S.T.O.P. HIV Now: Screen.Treat. Prevent. Overcome.

Activity Details
  • Credit Type: Other
  • Credit Amount: 0.50
  • Cost: Free
  • Release: Mar 26, 2020
  • Expires: Nov 30, 2021
  • Estimated Time to Complete:
    30 Minutes
  • Average User Rating:
    ( Ratings)


Keisa Fallin-Bennett Keisa Fallin-Bennett, MD, MPH
Associate Professor
Family and Community Medicine
University of Kentucky College of Medicine
Lexington, Kentucky

David Griffith David Griffith, MD
Clinical Associate
Division of Infectious Disease
Johns Hopkins School of Medicine
Baltimore, Maryland

Needs Statement

Individuals living with an unknown HIV infection account for approximately 40% of new HIV infections, due to a lack of screening (Webel AR, Longenecker CT, Gripshover B, et al., 2014). The CDC estimates that more than 50% of American adults of all ages have never been tested for HIV. Similar screening rates have been found for specific patient populations, such as men who have sex with men (MSM) and people who inject drugs (PWID), who have a higher risk of HIV infection. Effective HIV screening remains the most significant barrier to prevention and treatment. Therefore, there is a need for providers to place a greater emphasis to screen all patients over the age of 13 in an effort to prevent more new diagnoses and reduce transmission rates.

Target Audience

This activity is intended for certified state technicians (CSTs). 


1. Explain the benefits of screening people for HIV infection.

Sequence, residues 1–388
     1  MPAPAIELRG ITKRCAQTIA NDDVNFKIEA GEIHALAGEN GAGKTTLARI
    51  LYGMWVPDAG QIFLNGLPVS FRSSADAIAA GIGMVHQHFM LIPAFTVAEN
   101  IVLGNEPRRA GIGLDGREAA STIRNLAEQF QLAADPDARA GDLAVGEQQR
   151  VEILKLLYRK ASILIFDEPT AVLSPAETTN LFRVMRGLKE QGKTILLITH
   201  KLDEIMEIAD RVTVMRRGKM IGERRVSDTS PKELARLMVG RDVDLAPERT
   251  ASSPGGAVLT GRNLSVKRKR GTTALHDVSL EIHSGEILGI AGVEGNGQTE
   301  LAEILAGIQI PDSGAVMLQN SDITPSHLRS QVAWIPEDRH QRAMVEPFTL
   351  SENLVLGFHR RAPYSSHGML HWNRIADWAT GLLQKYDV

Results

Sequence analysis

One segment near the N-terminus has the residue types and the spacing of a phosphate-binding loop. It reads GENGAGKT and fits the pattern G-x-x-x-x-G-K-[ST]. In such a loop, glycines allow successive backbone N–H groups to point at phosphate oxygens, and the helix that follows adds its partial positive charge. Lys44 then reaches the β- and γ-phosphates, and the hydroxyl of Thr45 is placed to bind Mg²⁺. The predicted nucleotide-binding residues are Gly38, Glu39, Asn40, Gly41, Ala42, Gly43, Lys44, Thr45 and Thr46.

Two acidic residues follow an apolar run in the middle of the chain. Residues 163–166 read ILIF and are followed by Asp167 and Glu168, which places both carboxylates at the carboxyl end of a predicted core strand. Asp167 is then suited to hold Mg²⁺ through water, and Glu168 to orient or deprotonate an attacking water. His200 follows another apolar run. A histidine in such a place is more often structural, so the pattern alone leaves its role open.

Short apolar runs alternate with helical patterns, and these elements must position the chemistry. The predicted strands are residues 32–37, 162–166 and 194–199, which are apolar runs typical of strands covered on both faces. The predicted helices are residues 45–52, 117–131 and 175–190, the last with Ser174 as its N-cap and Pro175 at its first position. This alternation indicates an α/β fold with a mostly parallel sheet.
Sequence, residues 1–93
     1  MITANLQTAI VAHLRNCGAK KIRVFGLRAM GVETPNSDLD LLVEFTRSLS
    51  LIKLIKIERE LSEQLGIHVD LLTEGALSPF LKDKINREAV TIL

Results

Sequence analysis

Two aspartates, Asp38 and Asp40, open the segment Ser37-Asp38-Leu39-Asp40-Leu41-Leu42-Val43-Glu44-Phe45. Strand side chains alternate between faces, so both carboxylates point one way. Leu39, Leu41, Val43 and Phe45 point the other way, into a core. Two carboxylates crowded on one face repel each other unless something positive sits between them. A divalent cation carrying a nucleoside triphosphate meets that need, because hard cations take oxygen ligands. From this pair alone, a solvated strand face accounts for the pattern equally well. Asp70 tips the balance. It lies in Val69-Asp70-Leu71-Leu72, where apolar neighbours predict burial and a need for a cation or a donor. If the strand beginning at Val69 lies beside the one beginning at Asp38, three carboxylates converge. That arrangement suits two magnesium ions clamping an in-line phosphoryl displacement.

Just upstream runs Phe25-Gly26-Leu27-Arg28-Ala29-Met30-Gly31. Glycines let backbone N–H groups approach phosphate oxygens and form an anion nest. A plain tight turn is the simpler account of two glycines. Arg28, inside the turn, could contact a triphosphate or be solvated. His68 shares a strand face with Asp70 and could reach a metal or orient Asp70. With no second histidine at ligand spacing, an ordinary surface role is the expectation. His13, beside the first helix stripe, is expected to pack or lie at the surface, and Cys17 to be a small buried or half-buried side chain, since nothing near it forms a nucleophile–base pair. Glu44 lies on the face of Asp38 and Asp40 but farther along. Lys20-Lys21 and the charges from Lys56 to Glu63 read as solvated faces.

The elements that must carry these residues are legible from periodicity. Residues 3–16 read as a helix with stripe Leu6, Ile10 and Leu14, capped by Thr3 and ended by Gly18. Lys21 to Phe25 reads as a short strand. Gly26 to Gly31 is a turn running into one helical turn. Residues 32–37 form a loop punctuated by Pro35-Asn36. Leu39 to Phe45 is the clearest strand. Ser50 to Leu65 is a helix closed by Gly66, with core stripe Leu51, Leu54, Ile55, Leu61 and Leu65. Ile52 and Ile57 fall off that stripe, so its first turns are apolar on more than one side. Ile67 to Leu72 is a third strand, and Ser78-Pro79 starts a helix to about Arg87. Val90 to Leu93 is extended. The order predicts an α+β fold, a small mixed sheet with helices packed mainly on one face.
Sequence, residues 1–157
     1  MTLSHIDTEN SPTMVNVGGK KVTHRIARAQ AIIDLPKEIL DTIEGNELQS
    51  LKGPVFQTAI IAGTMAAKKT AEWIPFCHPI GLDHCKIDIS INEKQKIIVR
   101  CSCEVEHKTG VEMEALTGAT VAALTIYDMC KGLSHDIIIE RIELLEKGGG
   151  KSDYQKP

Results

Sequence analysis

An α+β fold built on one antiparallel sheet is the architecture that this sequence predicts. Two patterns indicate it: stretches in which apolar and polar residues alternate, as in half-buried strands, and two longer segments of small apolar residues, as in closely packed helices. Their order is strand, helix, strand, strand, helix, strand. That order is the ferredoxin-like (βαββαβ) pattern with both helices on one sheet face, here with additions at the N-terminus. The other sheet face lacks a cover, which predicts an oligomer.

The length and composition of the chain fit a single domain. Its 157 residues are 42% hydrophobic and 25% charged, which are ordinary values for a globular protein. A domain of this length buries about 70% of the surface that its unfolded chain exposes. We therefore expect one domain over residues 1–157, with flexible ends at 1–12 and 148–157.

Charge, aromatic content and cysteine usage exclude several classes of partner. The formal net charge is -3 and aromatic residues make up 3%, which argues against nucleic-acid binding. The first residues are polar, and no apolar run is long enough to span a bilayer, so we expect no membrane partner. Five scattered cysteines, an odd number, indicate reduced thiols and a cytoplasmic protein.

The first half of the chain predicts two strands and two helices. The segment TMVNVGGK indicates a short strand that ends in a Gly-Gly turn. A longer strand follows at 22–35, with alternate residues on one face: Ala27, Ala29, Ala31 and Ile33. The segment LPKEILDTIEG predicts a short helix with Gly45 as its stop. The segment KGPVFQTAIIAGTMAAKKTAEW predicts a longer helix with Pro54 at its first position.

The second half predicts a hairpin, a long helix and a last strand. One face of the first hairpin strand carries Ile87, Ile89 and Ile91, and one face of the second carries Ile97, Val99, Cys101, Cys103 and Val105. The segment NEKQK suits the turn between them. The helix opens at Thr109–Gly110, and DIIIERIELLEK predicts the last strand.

2. Describe risk factors that give people higher chances of becoming infected with HIV.


UK Healthcare CECentral certifies this activity for 0.50 hours of participation.

Faculty Disclosure

No speakers, authors, planners or content reviewers have any relevant financial relationships to disclose.

The material presented in this course represents information obtained from the scientific literature as well as the clinical experiences of the speakers. In some cases, the presentations might include discussion of investigational agents and/or off-label indications for various agents used in clinical practice. Speakers will inform the audience when they are discussing investigational and/or off-label uses.

Content review confirmed that the content was developed in a fair, balanced manner free from commercial bias. Disclosure of a relationship is not intended to suggest or condone commercial bias in any presentation, but it is made to provide participants with information that might be of potential importance to their evaluation of a presentation.


The program is jointly provided by the University of Kentucky and DKBmed in collaboration with Postgraduate Institute for Medicine and is supported by an independent medical education grant from Gilead Sciences, Inc.